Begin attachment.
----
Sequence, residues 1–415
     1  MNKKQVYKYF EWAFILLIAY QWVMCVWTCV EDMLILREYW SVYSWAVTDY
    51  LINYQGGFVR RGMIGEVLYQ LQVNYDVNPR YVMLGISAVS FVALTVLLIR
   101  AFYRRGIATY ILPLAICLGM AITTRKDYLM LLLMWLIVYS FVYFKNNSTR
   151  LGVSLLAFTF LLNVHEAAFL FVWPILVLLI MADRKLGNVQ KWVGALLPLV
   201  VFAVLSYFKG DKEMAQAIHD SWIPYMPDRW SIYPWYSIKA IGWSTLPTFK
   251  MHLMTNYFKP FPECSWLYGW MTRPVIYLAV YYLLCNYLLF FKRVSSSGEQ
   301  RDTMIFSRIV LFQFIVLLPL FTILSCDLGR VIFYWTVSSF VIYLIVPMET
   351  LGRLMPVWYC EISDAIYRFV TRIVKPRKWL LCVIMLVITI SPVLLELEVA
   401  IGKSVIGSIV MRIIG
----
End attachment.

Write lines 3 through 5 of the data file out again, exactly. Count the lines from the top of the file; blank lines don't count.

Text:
    51  LINYQGGFVR RGMIGEVLYQ LQVNYDVNPR YVMLGISAVS FVALTVLLIR
   101  AFYRRGIATY ILPLAICLGM AITTRKDYLM LLLMWLIVYS FVYFKNNSTR
   151  LGVSLLAFTF LLNVHEAAFL FVWPILVLLI MADRKLGNVQ KWVGALLPLV